Posted on November 3, 2012.
By Kai Li
As the last session of the “Lawyers, Librarians, and Pirates” conference organized by Upstate New York Chapter of SLA, K. Matthew Dames, who is currently the Copyright & Information Policy Adviser in Syracuse University, gave an insightful and informative presentation about copyright, the construct of policy, the shift of paradigms as well as how libraries can survive in such an environment.
By tracing the US history since 1970s, Mr. Dames stated that after intellectual property replaced manufacturing as the foundation of the US economy, intellectual actually took the form of traditional property, namely, intellectual property became something that can be owned and controlled exclusively, which is still the case nowadays. In order to gain a bigger market share across the world, American businesses and government constructed the idea of piracy and push the concept to other countries, which resulted the effect that is called “normalization of copyright laws” by the presenter.
On the other hand, the culture in the library is characterized as free and as transparent as possible. So the presenter identifies the conflicts between the piracy model as well as the free model in the libraries. Even though the side of libraries seems to win in recent events like Cambridge University Press v. Georgia State University, Authors Guild v. HathiTrust as well as Random House’s recent claim that libraries own their eBooks, it is clear that the distribution chain of digital contents doesn’t necessarily include any middleman, libraries being one of them; and what’s more, middlemen are actually being killed in the market.
For Mr. Dames, since the reformation of copyright law is almost impossible based on his observation, the only way library can survive in the market, or even reverse the market, is to adopt the Open Access model. But since the future of Open Access is totally open, and it’s almost certain to come in the future, recently, Copyright Clearance Center are helping publishers to transform from traditional publishing models to Open Access model, because publishers understand that, the only way to predict the future is to create it, which is exactly what libraries should do in order to play a bigger role in tomorrow’s world of digital content.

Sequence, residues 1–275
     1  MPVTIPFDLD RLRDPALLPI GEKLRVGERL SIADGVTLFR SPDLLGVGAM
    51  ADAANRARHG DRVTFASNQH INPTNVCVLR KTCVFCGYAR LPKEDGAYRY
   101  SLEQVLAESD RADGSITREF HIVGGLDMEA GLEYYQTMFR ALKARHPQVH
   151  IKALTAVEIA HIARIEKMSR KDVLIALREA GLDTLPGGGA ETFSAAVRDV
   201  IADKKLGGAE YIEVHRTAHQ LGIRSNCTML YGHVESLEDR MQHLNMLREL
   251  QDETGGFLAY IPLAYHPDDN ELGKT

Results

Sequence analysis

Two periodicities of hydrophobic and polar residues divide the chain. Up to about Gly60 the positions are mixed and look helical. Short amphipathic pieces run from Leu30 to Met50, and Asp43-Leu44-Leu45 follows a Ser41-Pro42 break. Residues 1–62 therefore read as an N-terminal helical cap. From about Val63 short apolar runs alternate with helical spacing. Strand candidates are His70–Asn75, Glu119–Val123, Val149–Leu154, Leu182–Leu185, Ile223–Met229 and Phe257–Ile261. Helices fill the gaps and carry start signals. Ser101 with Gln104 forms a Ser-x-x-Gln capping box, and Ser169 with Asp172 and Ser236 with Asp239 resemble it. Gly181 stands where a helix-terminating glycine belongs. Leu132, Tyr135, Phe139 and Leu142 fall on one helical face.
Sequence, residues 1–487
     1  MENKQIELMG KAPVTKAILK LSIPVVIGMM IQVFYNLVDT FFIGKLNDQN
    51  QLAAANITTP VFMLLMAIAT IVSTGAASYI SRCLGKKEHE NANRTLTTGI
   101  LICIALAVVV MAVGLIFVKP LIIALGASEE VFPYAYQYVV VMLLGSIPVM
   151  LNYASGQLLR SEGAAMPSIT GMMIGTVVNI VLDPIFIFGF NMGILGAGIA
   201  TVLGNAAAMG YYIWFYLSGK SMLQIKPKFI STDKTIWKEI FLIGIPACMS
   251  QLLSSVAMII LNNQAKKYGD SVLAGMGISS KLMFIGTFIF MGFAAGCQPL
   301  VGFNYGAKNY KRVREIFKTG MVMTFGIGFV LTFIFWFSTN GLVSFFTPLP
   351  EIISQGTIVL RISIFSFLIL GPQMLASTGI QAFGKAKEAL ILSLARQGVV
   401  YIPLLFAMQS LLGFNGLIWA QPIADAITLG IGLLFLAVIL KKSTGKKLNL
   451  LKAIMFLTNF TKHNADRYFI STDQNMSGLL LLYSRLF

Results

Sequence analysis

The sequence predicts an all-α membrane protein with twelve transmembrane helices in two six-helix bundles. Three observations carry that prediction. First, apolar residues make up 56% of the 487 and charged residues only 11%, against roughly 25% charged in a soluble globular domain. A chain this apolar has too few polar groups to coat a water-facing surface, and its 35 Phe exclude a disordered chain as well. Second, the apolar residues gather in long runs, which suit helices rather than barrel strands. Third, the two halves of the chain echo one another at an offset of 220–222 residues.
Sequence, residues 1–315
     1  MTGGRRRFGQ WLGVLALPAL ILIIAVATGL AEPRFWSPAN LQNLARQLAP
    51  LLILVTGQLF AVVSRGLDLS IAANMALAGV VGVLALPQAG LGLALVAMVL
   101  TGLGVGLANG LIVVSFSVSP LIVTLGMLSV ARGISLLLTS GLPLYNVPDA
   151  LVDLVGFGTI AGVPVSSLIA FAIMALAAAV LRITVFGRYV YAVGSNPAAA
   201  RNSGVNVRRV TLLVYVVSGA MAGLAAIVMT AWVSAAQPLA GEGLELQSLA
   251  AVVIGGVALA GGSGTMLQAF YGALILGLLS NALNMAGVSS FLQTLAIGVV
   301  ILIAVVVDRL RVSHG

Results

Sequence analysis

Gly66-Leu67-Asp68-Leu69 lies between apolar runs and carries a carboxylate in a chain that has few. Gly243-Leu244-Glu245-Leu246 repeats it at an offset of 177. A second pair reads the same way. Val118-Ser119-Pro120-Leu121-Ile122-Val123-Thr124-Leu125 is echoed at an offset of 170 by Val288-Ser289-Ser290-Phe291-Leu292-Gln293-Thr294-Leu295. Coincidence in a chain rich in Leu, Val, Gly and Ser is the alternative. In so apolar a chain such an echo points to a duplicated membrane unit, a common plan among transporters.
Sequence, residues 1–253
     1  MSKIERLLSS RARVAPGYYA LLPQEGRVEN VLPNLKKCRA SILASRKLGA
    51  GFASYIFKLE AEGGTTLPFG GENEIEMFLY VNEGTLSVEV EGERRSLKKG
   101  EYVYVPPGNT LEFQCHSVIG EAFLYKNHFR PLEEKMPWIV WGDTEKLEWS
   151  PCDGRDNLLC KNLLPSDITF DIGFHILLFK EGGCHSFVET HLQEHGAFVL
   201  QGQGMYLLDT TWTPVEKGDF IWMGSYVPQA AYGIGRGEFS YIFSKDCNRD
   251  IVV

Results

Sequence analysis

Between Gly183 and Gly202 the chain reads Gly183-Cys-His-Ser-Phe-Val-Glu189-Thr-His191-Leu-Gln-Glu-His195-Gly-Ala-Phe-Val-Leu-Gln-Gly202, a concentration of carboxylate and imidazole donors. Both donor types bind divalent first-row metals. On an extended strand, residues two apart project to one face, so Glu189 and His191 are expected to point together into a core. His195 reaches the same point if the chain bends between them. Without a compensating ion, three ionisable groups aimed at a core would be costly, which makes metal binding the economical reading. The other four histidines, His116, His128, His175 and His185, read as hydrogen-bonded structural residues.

Another point Mr. Dames made is that libraries have the furthest distance away from publishers, however, they are also the nearest to library members in the chain. As a result, libraries should figure out how to better serve the members. And moreover, libraries should become publishers themselves, not only in order to take control of the contents, but also to become more familiar with the general process of publishing.
Kai Li is a first year MLIS student in iSchool, Syracuse University. He was a cataloger in Capital Library of China for five years before he came to the United States. He is interested in various topics in this field, including metadata, eBooks and all the innovations in libraries. Follow him on Twitter @Nalsi.